I checked our Visa’s when I got them back from the Viet embassy. I checked them again prior to departure. Brad checked them, Paige said she thought something was strange but didn’t know what and when we got on the bus to head to the border we soon found out what.
The dates were wrong! The start date was fine but the finish date which should have been 25 Jan 2011 was in fact dated 2010. So we were allowed to enter in December and then timewarp back to January to leave. Hmmm…
Luckily when you cross the border you have to have an agent so all the buses have guys that the first thing they do is get everyone's passport and do their organisation thing. LUCKILY!! So off we get, tuktuk back to the bus station, liaise with the agent dudes mate, give up our passports to be motorbiked away to get new visas… Oh and did I mention this was xmas day!!
So 5 hours, $65 each, a pool party (girls met some people within 10 mins and were off to a backpackers xmas pool party at one of the hotels), a very boring morning for us waiting in the icecream shop for our visa’s to materialise, and we were back on the bus.
It actually turned out to be one of the best mistakes we've ever made. We arrived in Siagon on dusk when the lights were just coming on, Christmas night and EVERY single Siagonese was out with their families. None of us expected it to be so metropolitan. It was like we’d skipped countries and were in Tokyo. 1hr and 15 mins later and we’d gone 17 kms from the outskirts to our hotel corner. And while in most situations being stuck in a traffic jam is less than ideal after a long day – in this situation its was really really fun. The sheer volume of mopeds/motorbikes and or 2 wheeled vehicles was overwhelming, but to see that amount of traffic and know we were actually moving was actually quite motivating. LA should come and learn a few things!
We arrived at a hotel with our backpacks and feeling pretty cruddy after a long day of waiting and travelling but grinning like clowns from the street side experience. Straight away the hotel staff made us feel so welcome and immediately recommended a place for dinner. We met up with the rest of our group and headed over to the restaurant. The noise inside was deafening, but it was the "everyone celebrating" type of noise and after a long day on the bus it was really welcoming. Like most restaurants hotels recommend, it was a bit western for us but we really appreciated their intent so we stayed. Dinner was forgettable and everyone decided to head back to the hotel after. Brad and I decided to walk back and wander the streets this Christmas night. There were people everywhere. Families, couples, westerners and Vietnamese alike. Everywhere you looked little old men were selling glow sticks from carts, street food was everywhere (damn it!), there were balloons and lights and laughter in spades. The walk that should have taken us 20 mins lasted 4 hours. So much fun and while we don't celebrate Christmas, it was so great to see it celebrated en-mass in what must be the true sense.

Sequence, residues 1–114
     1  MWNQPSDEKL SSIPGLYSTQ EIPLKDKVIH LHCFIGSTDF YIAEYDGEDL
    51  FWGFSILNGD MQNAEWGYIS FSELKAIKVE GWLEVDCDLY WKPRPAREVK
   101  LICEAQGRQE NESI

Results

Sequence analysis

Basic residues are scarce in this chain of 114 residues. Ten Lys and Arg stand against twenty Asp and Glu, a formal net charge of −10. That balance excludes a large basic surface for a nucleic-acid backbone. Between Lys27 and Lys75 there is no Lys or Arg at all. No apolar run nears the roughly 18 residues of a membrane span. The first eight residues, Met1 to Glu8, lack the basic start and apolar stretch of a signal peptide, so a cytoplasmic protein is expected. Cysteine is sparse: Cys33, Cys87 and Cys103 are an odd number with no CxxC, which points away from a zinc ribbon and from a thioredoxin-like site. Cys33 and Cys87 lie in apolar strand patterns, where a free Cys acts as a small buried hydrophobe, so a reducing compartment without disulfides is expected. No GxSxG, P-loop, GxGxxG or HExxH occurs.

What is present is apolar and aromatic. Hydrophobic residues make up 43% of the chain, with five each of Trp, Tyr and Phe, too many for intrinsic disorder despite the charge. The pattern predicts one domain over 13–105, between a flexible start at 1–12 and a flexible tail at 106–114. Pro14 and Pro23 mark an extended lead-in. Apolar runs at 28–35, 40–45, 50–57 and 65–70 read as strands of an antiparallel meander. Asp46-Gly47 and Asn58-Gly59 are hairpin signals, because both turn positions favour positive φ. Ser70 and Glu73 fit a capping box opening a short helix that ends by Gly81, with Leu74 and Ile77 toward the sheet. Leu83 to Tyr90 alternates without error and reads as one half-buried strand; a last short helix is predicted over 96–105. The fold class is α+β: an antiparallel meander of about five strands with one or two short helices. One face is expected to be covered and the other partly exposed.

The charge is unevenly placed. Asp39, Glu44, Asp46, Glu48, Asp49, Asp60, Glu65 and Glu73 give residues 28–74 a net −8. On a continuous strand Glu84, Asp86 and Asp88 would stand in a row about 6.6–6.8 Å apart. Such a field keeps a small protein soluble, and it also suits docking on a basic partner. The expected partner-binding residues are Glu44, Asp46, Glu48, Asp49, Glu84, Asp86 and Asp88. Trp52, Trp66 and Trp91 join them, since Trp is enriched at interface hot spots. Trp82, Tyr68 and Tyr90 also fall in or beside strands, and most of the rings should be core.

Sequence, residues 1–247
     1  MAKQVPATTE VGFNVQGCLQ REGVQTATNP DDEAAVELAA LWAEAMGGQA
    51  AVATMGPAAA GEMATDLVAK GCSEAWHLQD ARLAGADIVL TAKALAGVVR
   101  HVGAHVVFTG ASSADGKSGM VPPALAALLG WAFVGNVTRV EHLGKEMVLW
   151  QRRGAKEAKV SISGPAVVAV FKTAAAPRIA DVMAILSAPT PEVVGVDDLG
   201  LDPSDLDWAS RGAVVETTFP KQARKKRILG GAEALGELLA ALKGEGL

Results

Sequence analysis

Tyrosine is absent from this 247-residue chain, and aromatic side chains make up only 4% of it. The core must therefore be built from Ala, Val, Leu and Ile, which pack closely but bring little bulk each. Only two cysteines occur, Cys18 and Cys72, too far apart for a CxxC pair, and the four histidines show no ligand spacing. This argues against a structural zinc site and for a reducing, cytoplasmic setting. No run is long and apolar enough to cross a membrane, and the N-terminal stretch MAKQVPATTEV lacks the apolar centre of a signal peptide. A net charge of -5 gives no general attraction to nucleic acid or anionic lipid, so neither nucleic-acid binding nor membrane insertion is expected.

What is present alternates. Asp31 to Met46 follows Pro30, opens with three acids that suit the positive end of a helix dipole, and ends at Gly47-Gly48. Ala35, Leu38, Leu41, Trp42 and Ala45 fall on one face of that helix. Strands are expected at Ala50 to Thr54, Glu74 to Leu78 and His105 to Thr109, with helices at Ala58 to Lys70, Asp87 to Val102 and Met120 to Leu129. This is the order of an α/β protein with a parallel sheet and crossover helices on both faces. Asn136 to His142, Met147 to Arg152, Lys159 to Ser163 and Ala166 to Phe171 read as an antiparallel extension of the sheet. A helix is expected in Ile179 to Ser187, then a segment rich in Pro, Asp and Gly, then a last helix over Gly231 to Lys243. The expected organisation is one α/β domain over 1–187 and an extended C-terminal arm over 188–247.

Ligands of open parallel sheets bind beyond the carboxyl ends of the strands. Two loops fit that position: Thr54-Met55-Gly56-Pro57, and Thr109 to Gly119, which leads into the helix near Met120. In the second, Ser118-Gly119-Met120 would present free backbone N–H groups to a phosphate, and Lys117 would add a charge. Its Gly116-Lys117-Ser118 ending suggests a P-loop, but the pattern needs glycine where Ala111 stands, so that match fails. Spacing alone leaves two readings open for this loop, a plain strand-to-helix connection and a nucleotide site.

I will always remember coming into Saigon on dusk with the lights coming on, and the millions of scooters with families and friends out to celebrate. It was like driving over the hill and seeing Vegas for the first time. Inspiring.
Now before everyone does the whole “its Ho Chi Minh City” thing, the locals still call it Saigon. Not to the policeman, or where they may be overheard but Saigon it is.
- Check your visa dates. Turns out you can't timewarp.
- Get out on the street. Walk amongst the crowd. Get into the feel of it.
- You need to still be aware of pickpockets. Sadly they love the holidays and everyone's faith in humanity.
- In Saigon the traffic is so busy you can't wait to cross a street, you have to just step out. The trick is to start walking and maintain the same pace and direction. The scooters will just zoom around you, but you MUST keep going at the same pace in a straight line. It is really nerve racking at first, but you get the hang of it pretty quick.
- Talk to people. We just kept asking if people spoke English. We soon had a crowd following us practicing their English and telling us about their families. They love to communicate and the key is letting them know its OK to do that.